Surveillance First: How Not to Write a Contact Tracing App
Publish date: Apr 30, 2020
How do we convince everyone it is safe? Add blockchain.
NOTE: This post is not a critique of contact tracing in general; it is specific to contact tracing implementations that ignore better and more transparent user privacy mechanisms already available. Using blockchain doesn’t fix privacy/security issues such as tracking gps, collecting phone numbers, posting infra secrets on public repos in contact tracing apps. Transparent design, rigorous review is a must to build public trust.
Yet another contact tracing app is out. Touted as Privacy-first COVID-19 app TRACY, the application claims to help track Covid spread without compromising privacy. There is a whitepaper and a public GitHub repository.
Let’s take a quick look under the hood to see what the app does and how it makes everyone unsafe.
Three actors are defined.
- Authorities, defined very broadly to include Medical, Police, Customs and “other registered volunteers”
- Control room, which is basically a dashboard to track everybody and see their location and if they have breached quarantine
Types of PII data collected
Tons of PII is collected.
- Social media accounts - the whitepaper suggests the user can login via social media apps, such as LinkedIn, Facebook, Twitter.
- The source code in repository shows that Name, Email and Mobile numbers are required to register. The mobile number is verified using OTP.
- Location data - source code shows that highest possible GPS accuracy is used to pinpoint the user.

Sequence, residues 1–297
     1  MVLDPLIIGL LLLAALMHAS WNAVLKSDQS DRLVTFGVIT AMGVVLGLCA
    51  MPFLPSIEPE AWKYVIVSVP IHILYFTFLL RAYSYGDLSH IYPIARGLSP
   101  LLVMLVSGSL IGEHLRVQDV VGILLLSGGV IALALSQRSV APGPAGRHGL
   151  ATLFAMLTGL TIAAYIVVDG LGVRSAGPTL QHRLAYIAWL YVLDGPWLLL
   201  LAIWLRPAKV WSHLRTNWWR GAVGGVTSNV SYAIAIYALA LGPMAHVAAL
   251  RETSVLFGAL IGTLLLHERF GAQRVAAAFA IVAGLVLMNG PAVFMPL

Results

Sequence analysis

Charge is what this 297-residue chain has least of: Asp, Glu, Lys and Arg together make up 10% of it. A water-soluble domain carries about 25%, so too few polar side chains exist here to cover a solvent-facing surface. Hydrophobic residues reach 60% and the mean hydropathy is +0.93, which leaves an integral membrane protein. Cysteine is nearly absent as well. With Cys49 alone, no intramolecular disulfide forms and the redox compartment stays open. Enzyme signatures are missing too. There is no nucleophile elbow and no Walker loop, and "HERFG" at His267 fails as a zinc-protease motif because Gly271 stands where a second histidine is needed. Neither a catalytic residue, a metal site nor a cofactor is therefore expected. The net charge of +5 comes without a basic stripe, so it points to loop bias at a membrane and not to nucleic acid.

- Recurrent location tracking every three hours in background
- User is asked to input personal health symptoms
- Emergency contact information is also collected
- App has access to user’s camera and audio. User is required to take regular selfies if quarantined
Lack of Data protection
- Google’s cloud platform seems to be in use to upload all the data and store “signed and encrypted”.
- The data is touted as signed and immutable; sounds great, yet it’s perplexing. Signing the data takes the privacy away as it makes it hard to repudiate the collected data.
- The data is touted as encrypted, yet if the data was encrypted by the user’s app, it wouldn’t be possible for authorities to collect the location data whenever they want for all users. Clearly, if there is any encryption, it is decryptable on server side, which means no real protection for user.
- Data seems to be kept indefinitely, great tool for authorities to track all users’ past movements, even beyond possible infection window.
- The app collects PII.
- The app doesn’t rotate identifiers regularly.
- The app keeps data indefinitely.
- Infrastructure secrets are stored on the public GitHub repository.
- Using those creds, anyone can dump the notification tokens for all users, and send any arbitray notification to any or all phone.
- One can only assume the insecurity of cloud configuration as well as the dashboard and authorities apps, that would have access to everything.
- Privacy-first COVID-19 app TRACY chooses Matic Network, https://medium.com/moibit/privacy-first-covid-19-app-tracy-chooses-matic-network-633f1bba4c66
- Tracy App - Whitepaper, https://gettracyapp.netlify.app/assets/files/TRACY-Whitepaper_NoCopy.pdf
- Tracy Mobile App - GitHub, https://github.com/moibit/tracy-mobile-app/